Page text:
In the Spring of 2019, New York passed new legislation, restricting cash bail for most nonviolent crimes, thereby joining the ranks of New Jersey, Arizona, and California, which have had similar reforms regarding bail. This new legislation will take effect in January 2020.
Given its occasionally questionable consequences, the idea of bail reform has been the center of debate and controversy for a really long time. As with most legal debates, both sides have their merits. However, the underlying reason for these reforms is the injustice faced by innocent individuals who faced prison time because they couldn’t afford bail.
So, how does bail work now?
While bail laws vary by jurisdiction, there are a few common elements that are worth looking into.
What is Bail?
After arrest, in order to ensure that you attend your subsequent hearings, you have the option of paying a specified monetary deposit, in exchange for your freedom during the interim. Bail is simply the “collateral” against you appearing in court.
The principle behind it is to ensure that an innocent person does not spend unnecessary amounts of time in jail, while simultaneously ensuring that the guilty do not abscond their trials.
How Does Bail Work?
The sum of money that is asked of you might be pre-determined against certain standard offenses in a bail schedule. However, in some cases, a judge will decide the bail at the preliminary hearing. If you are unable to afford this initial amount, you can plea to the judge to reduce the bail at a special bail hearing.
Alternatively, at the first hearing or the arraignment.
While bail allows the release of the defendants, they are also subject to certain conditions that they are required to comply with. Violation of these conditions leads to re-arrest and revocation of the bail.
Once the defendant attends all hearings, they will be entitled to a full refund of their bail money.
Payments are usually made upfront, in cash or through a cheque. This might be easier for some than others, thereby giving rise to one of the major reasons behind the quest for bail reform — poverty.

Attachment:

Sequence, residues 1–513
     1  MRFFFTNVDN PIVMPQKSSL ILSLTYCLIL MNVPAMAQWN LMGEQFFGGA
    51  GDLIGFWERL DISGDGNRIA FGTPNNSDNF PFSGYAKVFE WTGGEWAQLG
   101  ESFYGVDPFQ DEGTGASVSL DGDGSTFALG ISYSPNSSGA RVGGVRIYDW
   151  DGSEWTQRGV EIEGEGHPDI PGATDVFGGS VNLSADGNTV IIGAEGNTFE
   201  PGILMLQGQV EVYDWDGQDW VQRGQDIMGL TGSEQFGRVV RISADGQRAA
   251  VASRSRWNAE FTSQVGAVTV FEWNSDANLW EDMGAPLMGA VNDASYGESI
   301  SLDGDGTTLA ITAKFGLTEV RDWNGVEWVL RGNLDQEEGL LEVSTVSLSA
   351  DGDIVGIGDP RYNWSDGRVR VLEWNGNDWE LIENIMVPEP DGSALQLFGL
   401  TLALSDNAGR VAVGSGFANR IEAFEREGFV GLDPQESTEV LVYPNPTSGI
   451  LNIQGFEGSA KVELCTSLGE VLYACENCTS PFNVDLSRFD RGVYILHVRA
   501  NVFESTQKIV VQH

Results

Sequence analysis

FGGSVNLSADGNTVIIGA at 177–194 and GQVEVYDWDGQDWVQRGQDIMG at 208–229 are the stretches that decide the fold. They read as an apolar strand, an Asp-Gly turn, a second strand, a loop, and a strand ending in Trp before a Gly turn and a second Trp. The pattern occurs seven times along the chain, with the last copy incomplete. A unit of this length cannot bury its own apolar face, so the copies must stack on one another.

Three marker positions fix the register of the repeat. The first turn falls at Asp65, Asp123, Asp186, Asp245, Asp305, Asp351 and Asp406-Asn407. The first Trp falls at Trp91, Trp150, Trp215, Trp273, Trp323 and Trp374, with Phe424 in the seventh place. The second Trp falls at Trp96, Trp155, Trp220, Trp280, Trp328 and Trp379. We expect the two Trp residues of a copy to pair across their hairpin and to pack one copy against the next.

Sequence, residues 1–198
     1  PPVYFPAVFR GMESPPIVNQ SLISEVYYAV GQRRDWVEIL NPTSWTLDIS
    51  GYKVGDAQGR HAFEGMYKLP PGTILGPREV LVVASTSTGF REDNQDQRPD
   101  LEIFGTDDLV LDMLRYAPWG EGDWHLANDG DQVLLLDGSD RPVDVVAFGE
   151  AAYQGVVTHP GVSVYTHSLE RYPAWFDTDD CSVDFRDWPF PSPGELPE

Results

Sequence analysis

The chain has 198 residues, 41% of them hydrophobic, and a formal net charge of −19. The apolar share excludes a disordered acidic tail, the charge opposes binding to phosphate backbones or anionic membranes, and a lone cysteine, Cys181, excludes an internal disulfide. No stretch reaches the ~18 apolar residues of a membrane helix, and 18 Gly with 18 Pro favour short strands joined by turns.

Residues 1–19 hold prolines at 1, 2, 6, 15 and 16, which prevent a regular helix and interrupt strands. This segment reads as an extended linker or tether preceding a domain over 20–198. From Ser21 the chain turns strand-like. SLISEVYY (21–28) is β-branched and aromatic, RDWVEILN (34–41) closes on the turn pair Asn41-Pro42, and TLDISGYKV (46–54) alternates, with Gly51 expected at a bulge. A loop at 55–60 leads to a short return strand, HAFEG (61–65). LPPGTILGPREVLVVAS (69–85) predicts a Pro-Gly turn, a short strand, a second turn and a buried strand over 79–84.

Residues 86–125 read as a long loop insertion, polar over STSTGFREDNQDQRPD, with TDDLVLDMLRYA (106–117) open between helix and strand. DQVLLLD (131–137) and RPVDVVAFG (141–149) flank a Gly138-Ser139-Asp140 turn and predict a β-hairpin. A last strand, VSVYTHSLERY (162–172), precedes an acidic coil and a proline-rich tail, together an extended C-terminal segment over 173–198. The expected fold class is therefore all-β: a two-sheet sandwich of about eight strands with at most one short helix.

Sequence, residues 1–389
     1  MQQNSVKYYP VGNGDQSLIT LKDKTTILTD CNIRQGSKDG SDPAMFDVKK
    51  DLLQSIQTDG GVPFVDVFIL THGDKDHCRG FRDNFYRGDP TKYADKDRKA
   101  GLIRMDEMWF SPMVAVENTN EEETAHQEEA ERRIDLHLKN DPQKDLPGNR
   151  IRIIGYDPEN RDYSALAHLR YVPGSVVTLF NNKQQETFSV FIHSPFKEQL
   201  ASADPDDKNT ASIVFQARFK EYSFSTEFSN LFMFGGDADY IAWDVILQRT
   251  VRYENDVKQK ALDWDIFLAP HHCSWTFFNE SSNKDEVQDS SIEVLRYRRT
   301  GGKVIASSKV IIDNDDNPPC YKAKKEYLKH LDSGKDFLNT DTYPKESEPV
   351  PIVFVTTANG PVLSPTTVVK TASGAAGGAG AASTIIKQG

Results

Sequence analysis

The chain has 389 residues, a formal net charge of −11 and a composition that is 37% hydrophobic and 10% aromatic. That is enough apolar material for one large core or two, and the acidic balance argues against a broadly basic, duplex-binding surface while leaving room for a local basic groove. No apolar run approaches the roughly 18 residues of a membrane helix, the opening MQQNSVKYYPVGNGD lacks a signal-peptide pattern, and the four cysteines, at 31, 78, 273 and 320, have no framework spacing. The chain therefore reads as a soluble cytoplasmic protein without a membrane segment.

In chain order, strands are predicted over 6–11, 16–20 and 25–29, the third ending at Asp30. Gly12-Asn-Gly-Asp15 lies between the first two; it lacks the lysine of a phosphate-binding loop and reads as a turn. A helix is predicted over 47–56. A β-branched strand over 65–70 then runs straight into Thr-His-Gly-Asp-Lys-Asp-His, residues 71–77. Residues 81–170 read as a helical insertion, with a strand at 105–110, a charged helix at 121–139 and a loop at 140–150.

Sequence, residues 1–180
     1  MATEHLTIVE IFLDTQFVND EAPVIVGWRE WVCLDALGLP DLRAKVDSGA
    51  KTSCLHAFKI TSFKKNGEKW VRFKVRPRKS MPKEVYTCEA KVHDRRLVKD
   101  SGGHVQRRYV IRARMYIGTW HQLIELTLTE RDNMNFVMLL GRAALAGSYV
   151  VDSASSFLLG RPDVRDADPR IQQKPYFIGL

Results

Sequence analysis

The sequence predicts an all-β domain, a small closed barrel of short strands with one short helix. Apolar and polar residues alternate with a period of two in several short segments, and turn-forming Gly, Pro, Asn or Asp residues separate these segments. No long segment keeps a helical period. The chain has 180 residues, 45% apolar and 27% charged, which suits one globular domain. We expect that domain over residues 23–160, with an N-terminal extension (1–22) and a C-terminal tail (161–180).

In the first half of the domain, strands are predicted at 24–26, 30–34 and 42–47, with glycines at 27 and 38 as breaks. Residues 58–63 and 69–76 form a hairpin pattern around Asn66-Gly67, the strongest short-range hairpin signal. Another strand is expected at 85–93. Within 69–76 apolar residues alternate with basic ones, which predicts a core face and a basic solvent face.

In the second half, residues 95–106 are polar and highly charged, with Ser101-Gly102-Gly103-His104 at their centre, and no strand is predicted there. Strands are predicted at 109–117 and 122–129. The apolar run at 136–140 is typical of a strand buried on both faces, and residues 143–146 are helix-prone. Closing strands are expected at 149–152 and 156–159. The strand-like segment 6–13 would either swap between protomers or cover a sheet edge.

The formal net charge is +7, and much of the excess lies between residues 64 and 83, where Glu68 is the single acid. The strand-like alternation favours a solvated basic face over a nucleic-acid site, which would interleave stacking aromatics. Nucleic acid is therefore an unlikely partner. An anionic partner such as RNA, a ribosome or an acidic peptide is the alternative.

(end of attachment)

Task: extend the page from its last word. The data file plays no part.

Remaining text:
A poor, defendant may have to endure prison time simply because they cannot afford bail. In stark contrast, Harvey Weinstein was set to bail of 1 million, that he paid immediately through check.
A bond generally costs 10% of the bail charges. Here, a bondsman acts as a sponsor to the defendant, no matter what the outcome of the case is. However, the 10% (or respective fee), will not be refundable to the defendant.
This practice of commercial bail bonds is exclusive to the U.S.A and the Philipines. However, the states of Kentucky, Oregon, Wisconsin, and Illinois have banned the practice of bail bonds through a bondsman. Instead, they require 10% to be paid directly to the court.
Depending on the amount in question, or the crime, the bond seller may also ask the defendant for some collateral against the bond. In case of improper conduct, the bondsman may be suspended off their license.
These bonds are not allowed in every state. These bonds require the defendants to pledge tangible property that has meets at least the minimum value of the set bail.
What is Own Recognizance (O.R)?
Under certain circumstances, the judge might be convinced to allow the defendant to be released on their own recognizance. This means, release on signing a document promising to attend their hearings in court.
Of course, this is not a habitual practice and is left to the judge’s discretion. However, this is usually seen in cases where the accused appears to have family within the community, strong societal ties, or has no prior criminal record.
Exploring the Concept of ‘Risk Assessment’
Risk assessment recently replaced California’s state laws on bail, allowing for a more flexible system. Risk assessment allows judges the discretion of determining whether or not a defendant should be set bail.
The judge is expected to take into account factors like a criminal record, the severity of the crime, the probable threats to public welfare and other important elements. This concept has been the subject of controversy and has been criticized for encouraging discrimination and racism.
Bail Jumping: When You Don’t Attend Your Hearing After Release
The act of “bail jumping” or not attending a hearing after release on bail is usually an offense of its own. In some states, it is only an offense when the associated charges are of a felony. If a person is charged with bail jumping, they may have to forfeit their bond and incur additional penalties against this offense.
However, in most cases, for bail jumping to be considered an offense, it will have to be proved that the defendant “intended” to skip their hearing. This intention would have to be proven by establishing that the defendant was aware of the time and date of the hearing and willfully absconded.
For example, if the accused simply did not receive notice of the date of the hearing, they might be exempted.
A Constant Evolution
We can ask ourselves, how does bail work to promote fairness in the legal system? Is it obsolete in some scenarios or all of them?
The good news is, laws are subject to amendments. The ever-shifting nature of perspectives explores our need for bail reforms and similar changes within the legal system. And with the inevitable evolution of the justice system will come the evolution of legislations.
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